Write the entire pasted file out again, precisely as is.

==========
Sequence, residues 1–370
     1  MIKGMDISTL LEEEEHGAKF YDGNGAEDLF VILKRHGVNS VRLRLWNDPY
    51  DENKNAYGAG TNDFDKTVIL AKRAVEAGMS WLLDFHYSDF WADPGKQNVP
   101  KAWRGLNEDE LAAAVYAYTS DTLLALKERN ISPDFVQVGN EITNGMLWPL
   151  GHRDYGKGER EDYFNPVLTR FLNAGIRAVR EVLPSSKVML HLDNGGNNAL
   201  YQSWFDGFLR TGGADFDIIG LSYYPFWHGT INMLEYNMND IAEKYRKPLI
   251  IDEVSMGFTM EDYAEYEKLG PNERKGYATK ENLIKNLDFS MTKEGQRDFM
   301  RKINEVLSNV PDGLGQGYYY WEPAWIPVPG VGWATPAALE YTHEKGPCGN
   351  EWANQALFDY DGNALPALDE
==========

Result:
Sequence, residues 1–370
     1  MIKGMDISTL LEEEEHGAKF YDGNGAEDLF VILKRHGVNS VRLRLWNDPY
    51  DENKNAYGAG TNDFDKTVIL AKRAVEAGMS WLLDFHYSDF WADPGKQNVP
   101  KAWRGLNEDE LAAAVYAYTS DTLLALKERN ISPDFVQVGN EITNGMLWPL
   151  GHRDYGKGER EDYFNPVLTR FLNAGIRAVR EVLPSSKVML HLDNGGNNAL
   201  YQSWFDGFLR TGGADFDIIG LSYYPFWHGT INMLEYNMND IAEKYRKPLI
   251  IDEVSMGFTM EDYAEYEKLG PNERKGYATK ENLIKNLDFS MTKEGQRDFM
   301  RKINEVLSNV PDGLGQGYYY WEPAWIPVPG VGWATPAALE YTHEKGPCGN
   351  EWANQALFDY DGNALPALDE